In spite of continued media silence on Paul’s campaign, yesterday’s crowd was only one in a string of filled-to-capacity venues for the 12-term Congressman from south Texas. And many of these large gatherings have been in smaller towns — such as Pineville and Hammond, both in Louisiana — with attendees often having driven long distances to hear him. Then there are the massive turnouts in places such as the campus of the University of California, Los Angeles (UCLA), where 7800 people showed up to hear Paul, some even climbing trees in order to get a look at him.
The Eagle of Bryan-College Station, Texas, reported that Paul "voiced his support for abolishing the Federal Reserve, to cheers, and ripped into U.S. military actions made without congressional approval and a federal deficit rising at $1.5 trillion a year and larger than it has ever been." The paper quoted the popular, anti-big government candidate's statement: "The No. 1 problem we have today is we don't have enough people in Washington who took their oath of office seriously to obey the Constitution."
Texas A&M's student newspaper, The Battalion, reported that Paul reminded those attending the event that he is the only presidential candidate with military experience, having served in the Air Force during the Cuban Missile Crisis. “Thankfully, we didn’t have to resolve the Cuban crisis with nuclear power. … The Soviets collapsed because they overextended themselves,” the student paper quoted Paul. “No one is going to invade this country, this I know. Our greatest threat is at home.”
When questioned by The New American (press conference pictured above) as to whether his opponents had drawn anywhere near the multitudes that he enjoys, Paul replied, “Most of what I know is what I see on the Internet, and we seem to be drawing larger crowds than any of the others.” Indeed, one website shows Paul speaking to huge throngs in multiple locales — including the University of Maryland, the University of Wisconsin, the University of Illinois, and the University of Berkeley (California).
Meanwhile, an April 2 report from msnbc.com noted that Mitt Romney worries about “those embarrassing moments in the campaign where the crowds were thin or appeared thin.” Ironically, the same article stated that Romney was having a “... tough time matching crowds for all-but-forgotten GOP candidate Ron Paul. The Internet features some videos comparing crowd sizes of the two candidates, and it's not pretty for Romney.”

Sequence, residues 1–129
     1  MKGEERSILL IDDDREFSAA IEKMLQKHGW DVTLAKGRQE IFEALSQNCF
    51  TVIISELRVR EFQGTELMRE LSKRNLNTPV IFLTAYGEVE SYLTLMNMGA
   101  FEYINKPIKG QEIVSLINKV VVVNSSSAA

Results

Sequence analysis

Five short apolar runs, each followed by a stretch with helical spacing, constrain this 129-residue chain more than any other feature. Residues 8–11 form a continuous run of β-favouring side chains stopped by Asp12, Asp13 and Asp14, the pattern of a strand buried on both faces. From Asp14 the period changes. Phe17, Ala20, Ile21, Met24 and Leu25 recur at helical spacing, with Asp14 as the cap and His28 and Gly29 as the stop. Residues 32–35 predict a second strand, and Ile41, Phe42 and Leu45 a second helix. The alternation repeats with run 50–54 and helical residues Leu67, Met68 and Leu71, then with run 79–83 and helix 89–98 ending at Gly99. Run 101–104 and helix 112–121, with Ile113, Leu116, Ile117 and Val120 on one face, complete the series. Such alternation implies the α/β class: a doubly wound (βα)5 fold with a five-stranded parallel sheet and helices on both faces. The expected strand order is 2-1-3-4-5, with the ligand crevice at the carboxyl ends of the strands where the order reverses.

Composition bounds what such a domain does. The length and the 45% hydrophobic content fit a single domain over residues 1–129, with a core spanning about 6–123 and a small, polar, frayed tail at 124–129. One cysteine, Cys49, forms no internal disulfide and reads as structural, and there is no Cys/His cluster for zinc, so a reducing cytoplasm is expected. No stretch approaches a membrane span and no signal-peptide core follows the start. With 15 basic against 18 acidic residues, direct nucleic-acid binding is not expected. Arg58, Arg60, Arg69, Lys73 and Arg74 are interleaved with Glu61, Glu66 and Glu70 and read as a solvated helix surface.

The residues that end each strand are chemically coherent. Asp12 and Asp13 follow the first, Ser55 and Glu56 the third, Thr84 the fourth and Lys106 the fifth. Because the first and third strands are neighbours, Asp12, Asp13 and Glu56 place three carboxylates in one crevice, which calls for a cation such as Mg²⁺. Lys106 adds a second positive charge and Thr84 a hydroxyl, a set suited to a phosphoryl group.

Analysts say that Paul is far from forgotten, if crowd size is any indicator.
The New American also asked Dr. Paul if he had expectations about the realignment of delegates with Santorum out of the race. He responded, “Well, it should be beneficial; I’m cautiously optimistic. We’ll just work harder. The message won’t change; we’re still in it for the long haul.”
Paul asserted that his main concern is the cause of liberty, which soundly resonated with the Texas A&M audience of mostly students. Time after time during his speech, the septuagenarian drew enormous cheers, applause, and ovations from the buoyant crowd, clearly demonstrating his staying power in spite of news coverage to the contrary.
The Congressman’s campaign team emphasized to the mostly first-time voters at A&M the importance of delegates, which often has nothing to do with what mainstream media claim about who the winner of a caucus is or isn’t. As The New American's Joe Wolverton, II has reported,
... Paul’s legions of loyal supporters argue that when the final results are tallied, their man will be found much higher in the delegate count than is regularly reported by the news media. They report that Dr. Paul is “building a delegate base under the radar of the party establishment by having his followers study the rules in caucus states and outmaneuver the other campaigns to get themselves chosen as delegates.”
Part of the Paul campaign's delegate-gathering strategy was summarized in a March 19 article in USA Today that quoted campaign spokesman Jesse Benton:
Although Paul failed to win caucuses in states including Colorado, Iowa, Washington and Alaska, the process of awarding delegates in those states is not yet complete, leaving the door open for the Paul campaign.
Benton explained that while Paul hopes to win delegates in later primaries like California and Paul's home state of Texas, the current focus is using Paul's vast grass-roots network to pick up delegates during state conventions.
The Paul campaign is targeting the meetings held in counties around the country that are part of the process of choosing national convention delegates, hoping to assure selection of Paul allies.
The wildly popular Dr. Paul is giving the remaining two GOP candidates a run for their money. And analysts have noted that now that Rick Santorum has suspended his campaign, the mainstream media will find it increasingly difficult to ignore the Texas Congressman.
Dr. Paul will continue his Texas tour Wednesday night, April 11, with an event at Fort Worth’s Will Rogers Memorial Auditorium, and with a Thursday night “town hall” event at the Main Plaza of downtown San Antonio.
Photo of Ron Paul: Kelly Holt